Prof. Kraus' Lab
Head - Computer Science Lab
Computer Science: Multi-Agent Systems
Prof. Sarit Kraus of the Department of Computer Science and the Leslie and Susan Gonda (Goldschmied) Multidisciplinary Brain Research Center is best known for her pioneering work in imparting intelligence upon computerized agents. Kraus introduced the aspect of individualism to the field of multiple agent systems by developing protocols and strategies for individual agents that need to collaborate with each other.
“Shared Plans” – a TeamWork Model for Collaborative Planning
Together with Prof. Barbara Grosz of Harvard, Kraus developed a reference theory for collaborative planning (a TeamWork model) called “SharedPlans,” which provides specification for the design of collaboration-capable agents and a framework for identifying and investigating fundamental questions about collaboration.
It specifies the minimal conditions for a group of agents to have a joint goal, the group and individual decision-making procedures that are required, the way the agents' mental states and plans can evolve over time, and various other important relationships among the agents, e.g., teammates, subcontractors, etc.
Given the extensiveness of SharedPlans and its rigorous specifications, it has been the basis for many other works and has been widely adopted in other fields (e.g. robotics or human-machine interaction).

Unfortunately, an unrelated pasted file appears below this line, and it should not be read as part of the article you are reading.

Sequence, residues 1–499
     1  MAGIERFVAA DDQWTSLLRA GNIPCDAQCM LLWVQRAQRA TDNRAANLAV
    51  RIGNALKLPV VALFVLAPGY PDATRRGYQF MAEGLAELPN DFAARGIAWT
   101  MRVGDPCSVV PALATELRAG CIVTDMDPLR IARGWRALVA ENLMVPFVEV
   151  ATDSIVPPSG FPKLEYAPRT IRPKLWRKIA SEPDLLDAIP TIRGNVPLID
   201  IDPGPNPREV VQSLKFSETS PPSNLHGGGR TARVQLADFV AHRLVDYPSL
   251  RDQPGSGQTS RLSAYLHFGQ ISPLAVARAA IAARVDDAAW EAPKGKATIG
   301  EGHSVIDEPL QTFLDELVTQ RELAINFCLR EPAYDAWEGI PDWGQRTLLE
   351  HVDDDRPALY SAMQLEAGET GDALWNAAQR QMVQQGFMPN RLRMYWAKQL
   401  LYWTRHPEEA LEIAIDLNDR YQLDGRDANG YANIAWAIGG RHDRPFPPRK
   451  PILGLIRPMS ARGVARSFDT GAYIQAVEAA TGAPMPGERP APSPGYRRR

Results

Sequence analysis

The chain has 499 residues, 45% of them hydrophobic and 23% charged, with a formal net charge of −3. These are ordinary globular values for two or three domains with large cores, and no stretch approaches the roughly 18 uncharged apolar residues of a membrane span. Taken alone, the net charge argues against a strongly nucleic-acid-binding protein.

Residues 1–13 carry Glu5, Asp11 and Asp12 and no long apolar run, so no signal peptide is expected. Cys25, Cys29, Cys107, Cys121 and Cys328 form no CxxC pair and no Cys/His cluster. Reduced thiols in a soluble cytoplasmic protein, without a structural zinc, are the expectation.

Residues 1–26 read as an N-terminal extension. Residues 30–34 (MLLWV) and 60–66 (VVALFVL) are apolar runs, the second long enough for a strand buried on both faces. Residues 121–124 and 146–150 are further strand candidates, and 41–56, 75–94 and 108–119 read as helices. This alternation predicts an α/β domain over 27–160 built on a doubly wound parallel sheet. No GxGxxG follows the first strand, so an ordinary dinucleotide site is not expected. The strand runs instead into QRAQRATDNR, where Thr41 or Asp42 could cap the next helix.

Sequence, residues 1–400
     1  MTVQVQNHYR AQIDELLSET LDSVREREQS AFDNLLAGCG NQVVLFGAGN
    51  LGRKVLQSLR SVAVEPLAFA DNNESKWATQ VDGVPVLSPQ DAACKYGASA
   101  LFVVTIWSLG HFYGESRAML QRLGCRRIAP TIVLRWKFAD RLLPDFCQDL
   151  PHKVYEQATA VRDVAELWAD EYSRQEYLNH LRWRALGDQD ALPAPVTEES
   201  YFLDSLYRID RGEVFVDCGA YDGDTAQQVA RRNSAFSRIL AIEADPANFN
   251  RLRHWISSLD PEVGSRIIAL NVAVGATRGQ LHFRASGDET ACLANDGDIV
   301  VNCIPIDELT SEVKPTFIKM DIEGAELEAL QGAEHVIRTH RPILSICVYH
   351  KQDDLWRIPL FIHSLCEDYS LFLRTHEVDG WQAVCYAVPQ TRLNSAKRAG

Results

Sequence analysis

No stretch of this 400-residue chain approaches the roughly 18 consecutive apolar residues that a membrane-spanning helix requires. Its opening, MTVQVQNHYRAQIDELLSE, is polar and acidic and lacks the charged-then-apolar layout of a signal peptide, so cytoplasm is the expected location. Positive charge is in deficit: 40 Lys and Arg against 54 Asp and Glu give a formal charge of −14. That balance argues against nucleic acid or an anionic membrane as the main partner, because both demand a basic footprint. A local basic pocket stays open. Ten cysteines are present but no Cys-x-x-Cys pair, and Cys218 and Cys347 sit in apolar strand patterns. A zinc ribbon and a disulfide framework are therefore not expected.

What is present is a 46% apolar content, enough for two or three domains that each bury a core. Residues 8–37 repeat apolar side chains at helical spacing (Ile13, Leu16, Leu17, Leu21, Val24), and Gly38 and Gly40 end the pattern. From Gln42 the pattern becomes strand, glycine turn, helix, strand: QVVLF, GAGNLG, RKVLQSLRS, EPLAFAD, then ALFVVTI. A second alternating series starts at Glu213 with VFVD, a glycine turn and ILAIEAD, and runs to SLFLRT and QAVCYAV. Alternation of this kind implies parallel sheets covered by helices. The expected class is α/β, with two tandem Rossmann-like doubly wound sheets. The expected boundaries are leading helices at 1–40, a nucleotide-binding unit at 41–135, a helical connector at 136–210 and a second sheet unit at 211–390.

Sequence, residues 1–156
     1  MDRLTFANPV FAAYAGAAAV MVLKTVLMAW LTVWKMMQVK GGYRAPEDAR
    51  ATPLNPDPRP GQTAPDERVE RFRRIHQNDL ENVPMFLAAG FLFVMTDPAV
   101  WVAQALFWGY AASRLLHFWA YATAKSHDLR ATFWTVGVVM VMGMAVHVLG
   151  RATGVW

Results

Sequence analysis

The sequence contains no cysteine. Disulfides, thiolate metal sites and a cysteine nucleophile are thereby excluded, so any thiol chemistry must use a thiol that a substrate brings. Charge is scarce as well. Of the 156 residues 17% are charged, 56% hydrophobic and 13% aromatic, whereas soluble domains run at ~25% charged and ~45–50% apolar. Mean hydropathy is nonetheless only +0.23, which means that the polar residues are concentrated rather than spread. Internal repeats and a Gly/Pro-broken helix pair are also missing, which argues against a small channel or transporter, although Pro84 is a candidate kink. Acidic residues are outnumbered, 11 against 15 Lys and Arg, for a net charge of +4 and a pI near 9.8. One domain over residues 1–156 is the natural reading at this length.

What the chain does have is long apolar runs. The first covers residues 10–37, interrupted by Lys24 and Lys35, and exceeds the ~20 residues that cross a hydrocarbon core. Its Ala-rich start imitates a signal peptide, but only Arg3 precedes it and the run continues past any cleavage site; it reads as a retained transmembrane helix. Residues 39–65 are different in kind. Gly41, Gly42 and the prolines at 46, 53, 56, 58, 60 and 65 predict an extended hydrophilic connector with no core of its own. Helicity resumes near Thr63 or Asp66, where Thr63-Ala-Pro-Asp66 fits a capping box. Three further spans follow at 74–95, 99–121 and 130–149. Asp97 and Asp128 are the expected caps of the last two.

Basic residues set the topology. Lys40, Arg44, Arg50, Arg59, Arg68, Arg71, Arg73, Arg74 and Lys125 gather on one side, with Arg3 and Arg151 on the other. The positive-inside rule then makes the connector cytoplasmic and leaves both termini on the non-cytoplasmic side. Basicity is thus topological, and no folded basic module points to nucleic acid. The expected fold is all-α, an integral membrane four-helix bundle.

Automated Negotiation Systems
Kraus founded the field of automated systems that professionally negotiate with people, and for many years was virtually the only researcher working in this important and challenging area. Her work in automated negotiation between computerized agents led to the development of a breakthrough agent that negotiated both in the United States and in Lebanon. These agents combine machine learning techniques for general opponent modeling with formal decision making approaches. They also deploy the concept of social utility functions that consist of factors both from the agent point of view and from the human partner’s point of view. All of these agents were evaluated empirically in extensive studies involving hundreds of human subjects.
Automated Security Systems
In conjunction with colleagues at the University of Southern California, Kraus has developed a system called “ARMOR” - Assisted Randomized Motoring Over Routes – which is based on the randomization of countermeasures – those activities through which security forces attempt to foil the efforts of would-be terrorists. ARMOR casts these problems as Bayesian Stackelberg games, allowing the agent to appropriately weigh the different actions in randomization as well as uncertainty over adversary types. ARMOR has been successfully deployed since August 2007 at the Los Angeles International Airport (LAX) to randomize checkpoints on the roadways entering the airport and canine patrol routes within the airport terminals.
Her work on adversarial patrolling with Dr. Noa Agmon and Prof. Gal Kaminka considered the problem of a multi-robot patrol and an adversary’s attempt to penetrate the patrol path without being detected. While others have focused on the frequency of the robots' visits at each point on the patrol path, Kraus and her collaborators have emphasized the need to take the adversary into consideration. For situations where there are insufficient robots and no guarantee that the adversary will be deterred, they proposed a model for increasing the probability of success by applying a non-deterministicpatrol framework.